Bringing the plantations back into production is a new farming chapter but one that won’t be achieved quickly.

The area represents some of their best grazing land and they are planning to burn the residue in autumn 2019 enabling them to start a program of lime and fertiliser.

They are hoping the roots will rot sufficiently after five years so they can rip the stumps out without disturbing the ground excessively or needing an uneconomical amount of horsepower to move them.

As part of their fire action plan, they will strategically graze boundary paddocks adjoining forests and absentee landholders, in an aim to reduce fuel load with cattle rotated in other paddocks later in the autumn.

They also are designing a series of broad laneways that will not only make cattle movements easier but will also be the area on which they will graze the sheep they plan to reintroduce for diversification.

They are trialling a series of productive fire-retardant tree species such as olives, syzgium and feijoa to plant along the laneways to form a natural firebreak.

The district’s sparse population combined with an annual rainfall between 600 and 700mm means there is a substantial spring flush and few people available to take quick action in the event of fire.

The location of the homestead means they have no escape route from their property that doesn’t require travelling a long distance through bushland or plantations, and several fires already this year has them on high alert.

Replacing the stock yards has been elevated up the list of priorities and a hotch potch of temporary portable panels holding up the original rough-hewn wooden yards gradually are being replaced by steel panels constructed by Jason.

They also will be capable of serving as sheep yards.

The main working section of the yards is finished and everyone from truck drivers – who like the swinging gate at the end of the loading ramp – to vets and handlers – who no longer need to work in the heat or rain – appreciate the protection from the elements.

Alida says they have aimed to build a design that is ahead of its time and will comply with occupational and safety standards she believes all cattlemen will have to adhere to in the future.

The main loading ramp, handling race (incorporating a Queensland-manufactured RPM crush) and working area is under cover, and they have installed extensive LED lighting and hot water.

As testament to the property’s age, they had to cart in 200 cubic metres of free-draining coarse sand to replace the eroded pen floors.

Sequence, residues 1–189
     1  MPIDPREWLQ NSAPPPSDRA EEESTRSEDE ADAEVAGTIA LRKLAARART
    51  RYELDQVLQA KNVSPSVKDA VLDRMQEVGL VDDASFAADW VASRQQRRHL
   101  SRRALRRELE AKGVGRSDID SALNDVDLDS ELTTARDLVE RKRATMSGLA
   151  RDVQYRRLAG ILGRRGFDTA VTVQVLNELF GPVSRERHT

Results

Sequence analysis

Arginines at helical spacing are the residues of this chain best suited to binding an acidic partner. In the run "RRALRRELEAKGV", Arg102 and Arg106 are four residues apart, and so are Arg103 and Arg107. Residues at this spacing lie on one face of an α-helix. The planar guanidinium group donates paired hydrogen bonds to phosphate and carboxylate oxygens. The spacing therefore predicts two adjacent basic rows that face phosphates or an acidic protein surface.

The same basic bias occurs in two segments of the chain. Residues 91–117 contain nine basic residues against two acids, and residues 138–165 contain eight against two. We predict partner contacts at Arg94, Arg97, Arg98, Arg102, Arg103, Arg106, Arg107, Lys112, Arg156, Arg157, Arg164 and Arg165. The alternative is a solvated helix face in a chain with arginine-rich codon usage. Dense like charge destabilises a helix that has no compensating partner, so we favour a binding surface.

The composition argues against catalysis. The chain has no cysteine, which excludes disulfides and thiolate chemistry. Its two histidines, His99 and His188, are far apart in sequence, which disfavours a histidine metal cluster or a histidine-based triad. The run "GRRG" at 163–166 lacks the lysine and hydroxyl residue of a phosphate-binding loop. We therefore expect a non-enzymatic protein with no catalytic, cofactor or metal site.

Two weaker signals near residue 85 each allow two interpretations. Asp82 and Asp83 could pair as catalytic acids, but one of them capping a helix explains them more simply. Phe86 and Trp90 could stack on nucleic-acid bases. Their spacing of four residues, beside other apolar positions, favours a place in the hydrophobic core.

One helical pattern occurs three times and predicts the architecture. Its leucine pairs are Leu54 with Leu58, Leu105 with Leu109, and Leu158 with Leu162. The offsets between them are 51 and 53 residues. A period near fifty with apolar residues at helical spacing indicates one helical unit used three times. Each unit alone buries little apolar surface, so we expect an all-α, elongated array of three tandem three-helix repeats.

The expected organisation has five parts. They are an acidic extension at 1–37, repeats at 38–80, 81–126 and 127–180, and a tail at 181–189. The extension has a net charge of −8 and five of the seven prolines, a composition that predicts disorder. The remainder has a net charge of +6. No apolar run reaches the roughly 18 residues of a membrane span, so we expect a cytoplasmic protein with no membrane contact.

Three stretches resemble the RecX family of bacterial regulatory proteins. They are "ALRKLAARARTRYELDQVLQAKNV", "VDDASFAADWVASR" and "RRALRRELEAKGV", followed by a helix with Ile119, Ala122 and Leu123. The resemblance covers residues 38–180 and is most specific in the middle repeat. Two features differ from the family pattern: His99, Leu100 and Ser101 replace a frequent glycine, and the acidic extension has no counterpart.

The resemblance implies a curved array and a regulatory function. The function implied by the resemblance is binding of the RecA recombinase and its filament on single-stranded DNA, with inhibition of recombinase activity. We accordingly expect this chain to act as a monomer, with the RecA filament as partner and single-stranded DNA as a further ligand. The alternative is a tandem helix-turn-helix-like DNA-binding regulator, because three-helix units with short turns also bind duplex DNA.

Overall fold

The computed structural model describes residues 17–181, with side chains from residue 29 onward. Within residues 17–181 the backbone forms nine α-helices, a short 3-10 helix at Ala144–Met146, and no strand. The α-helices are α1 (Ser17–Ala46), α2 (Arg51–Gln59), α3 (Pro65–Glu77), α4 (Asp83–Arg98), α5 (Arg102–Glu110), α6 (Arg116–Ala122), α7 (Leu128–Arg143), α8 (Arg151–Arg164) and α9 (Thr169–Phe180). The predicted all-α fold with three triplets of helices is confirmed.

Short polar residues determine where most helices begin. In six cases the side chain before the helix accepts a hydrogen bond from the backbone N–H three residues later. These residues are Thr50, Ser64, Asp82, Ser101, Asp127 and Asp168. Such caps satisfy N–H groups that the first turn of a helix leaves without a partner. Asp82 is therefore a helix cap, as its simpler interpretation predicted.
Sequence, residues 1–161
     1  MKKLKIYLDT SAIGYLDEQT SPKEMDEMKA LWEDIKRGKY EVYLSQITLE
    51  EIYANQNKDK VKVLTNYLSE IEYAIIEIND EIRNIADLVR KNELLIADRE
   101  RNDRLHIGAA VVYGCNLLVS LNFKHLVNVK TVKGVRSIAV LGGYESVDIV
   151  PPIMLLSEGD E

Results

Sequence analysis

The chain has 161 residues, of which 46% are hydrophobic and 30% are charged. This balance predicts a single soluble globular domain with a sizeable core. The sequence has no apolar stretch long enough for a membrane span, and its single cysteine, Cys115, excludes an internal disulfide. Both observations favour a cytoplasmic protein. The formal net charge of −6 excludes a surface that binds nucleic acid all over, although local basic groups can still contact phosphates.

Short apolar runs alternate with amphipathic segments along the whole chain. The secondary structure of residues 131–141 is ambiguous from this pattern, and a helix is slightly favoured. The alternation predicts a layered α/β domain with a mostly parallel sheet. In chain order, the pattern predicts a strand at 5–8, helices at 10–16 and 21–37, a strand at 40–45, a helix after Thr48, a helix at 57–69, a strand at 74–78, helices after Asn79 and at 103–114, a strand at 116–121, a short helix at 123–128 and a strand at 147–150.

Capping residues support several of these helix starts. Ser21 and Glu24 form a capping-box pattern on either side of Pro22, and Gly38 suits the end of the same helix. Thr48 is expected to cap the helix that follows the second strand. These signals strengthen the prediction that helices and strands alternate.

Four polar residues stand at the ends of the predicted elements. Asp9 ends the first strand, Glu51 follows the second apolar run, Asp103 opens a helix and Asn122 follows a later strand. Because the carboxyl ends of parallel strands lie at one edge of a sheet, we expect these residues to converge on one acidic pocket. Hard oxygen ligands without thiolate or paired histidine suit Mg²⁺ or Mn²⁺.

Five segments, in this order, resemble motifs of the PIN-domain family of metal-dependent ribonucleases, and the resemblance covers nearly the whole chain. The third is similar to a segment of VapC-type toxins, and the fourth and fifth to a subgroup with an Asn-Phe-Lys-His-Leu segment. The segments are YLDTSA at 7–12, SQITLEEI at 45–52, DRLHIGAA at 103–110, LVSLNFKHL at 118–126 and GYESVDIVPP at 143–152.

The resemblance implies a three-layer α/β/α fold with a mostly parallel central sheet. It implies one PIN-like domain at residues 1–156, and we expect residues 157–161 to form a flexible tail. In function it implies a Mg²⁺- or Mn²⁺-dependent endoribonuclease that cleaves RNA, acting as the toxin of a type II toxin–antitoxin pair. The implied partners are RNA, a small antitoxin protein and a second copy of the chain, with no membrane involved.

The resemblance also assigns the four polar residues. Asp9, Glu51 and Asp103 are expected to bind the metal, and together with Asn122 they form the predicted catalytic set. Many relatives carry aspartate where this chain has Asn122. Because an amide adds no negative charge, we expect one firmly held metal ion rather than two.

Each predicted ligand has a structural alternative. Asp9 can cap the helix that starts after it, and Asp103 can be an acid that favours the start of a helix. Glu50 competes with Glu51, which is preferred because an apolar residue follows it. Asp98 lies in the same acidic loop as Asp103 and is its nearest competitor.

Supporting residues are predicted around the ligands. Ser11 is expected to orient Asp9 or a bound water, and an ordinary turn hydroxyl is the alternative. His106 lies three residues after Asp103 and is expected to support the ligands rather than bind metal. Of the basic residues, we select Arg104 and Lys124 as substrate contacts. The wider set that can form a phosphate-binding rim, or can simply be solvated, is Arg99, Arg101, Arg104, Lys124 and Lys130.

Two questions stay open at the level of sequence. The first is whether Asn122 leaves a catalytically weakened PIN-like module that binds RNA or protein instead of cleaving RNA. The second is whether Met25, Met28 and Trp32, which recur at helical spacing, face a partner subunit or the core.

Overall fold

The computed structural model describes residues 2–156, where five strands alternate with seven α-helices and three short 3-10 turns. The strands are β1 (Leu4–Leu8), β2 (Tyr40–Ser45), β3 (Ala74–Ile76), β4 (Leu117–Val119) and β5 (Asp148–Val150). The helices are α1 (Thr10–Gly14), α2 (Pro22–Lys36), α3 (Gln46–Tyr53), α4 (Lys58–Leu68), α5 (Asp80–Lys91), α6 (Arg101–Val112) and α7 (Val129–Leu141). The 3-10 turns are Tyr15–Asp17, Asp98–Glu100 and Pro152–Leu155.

In the next few months Jason will build a dedicated weaning yard and receival yards to complete the project.

The herd structure recently has undergone some fine tweaking with Alida setting up a 120-head nucleus of their best pure Murray Grey cows from which they breed replacement females to join to Charolais sires.

The offspring are then joined back to Murray Grey sires to give a nuggetty calf with a slightly higher fat level for ease of finishing.

After initially setting up the nucleus any further selections for this sector will come from the general herd only after the cows have reached four years of age.

Alida makes the decision on replacement F1 heifers often referring to Charlie Staite, Landmark Mt Barker, on the trickier choices.

This year they joined 580 females and when they pregnancy-tested recently they finished with just 36 “dries”.

The good result was mainly because of improved heifer calving achieved by running them better, introducing low birthweight Angus bulls and keeping them close to the yards so assistance could easily be given should they need it at calving time.

“We still have to keep increasing our breeding numbers but we have reached the stage where we can afford to be even more selective than we have in the past.

“We really want it to be quality rather than quantity in everything we do.”

As the herd has progressed Alida has felt confident enough with the standard to retain a small group of bull calves as back-up animals.

The Murray Greys are now based on Monterey, Melaleuca and Tullibardine bloodlines, and Charolais sires were originally sourced from the now dispersed Denmoore stud.

When forced to find an alternative they decided on the Newdegate-based Quicksilver stud and Alida says she is loving the change especially as feet is one of their most important selection criteria.

Knowing their origins as a European breed that didn’t need to walk too far, she is pleased Quicksilver studmaster Doug Giles has sorted out the foot problems for their Wheatbelt environment.

“And they are quiet,” Alida said. “We base all our business on growing for the fattening market and quiet and content cattle grow fat calves.”

They start turning off their young cattle once they reach 350 kilograms selling from mid-December over several months with each load sold under the Lake Muir Prime Beef label, highlighting the importance they place on good customer relationship and the desire to present calves that will bound ahead regardless whether they are finished on grass or grain.

“People are familiar with the name and with the new weaning pens and Johnes disease-accreditation, buyers will have even more reassurance,” Alida said.

Because they sell exclusively through the Mt Barker sale they receive little processor feedback and for this reason they have welcomed the opportunity to be part of the Paddock to Plate competition run at Albany.

They have entered one or two teams every year and find the year-in, year-out information they compile is a good indicator of where they are tracking comparatively.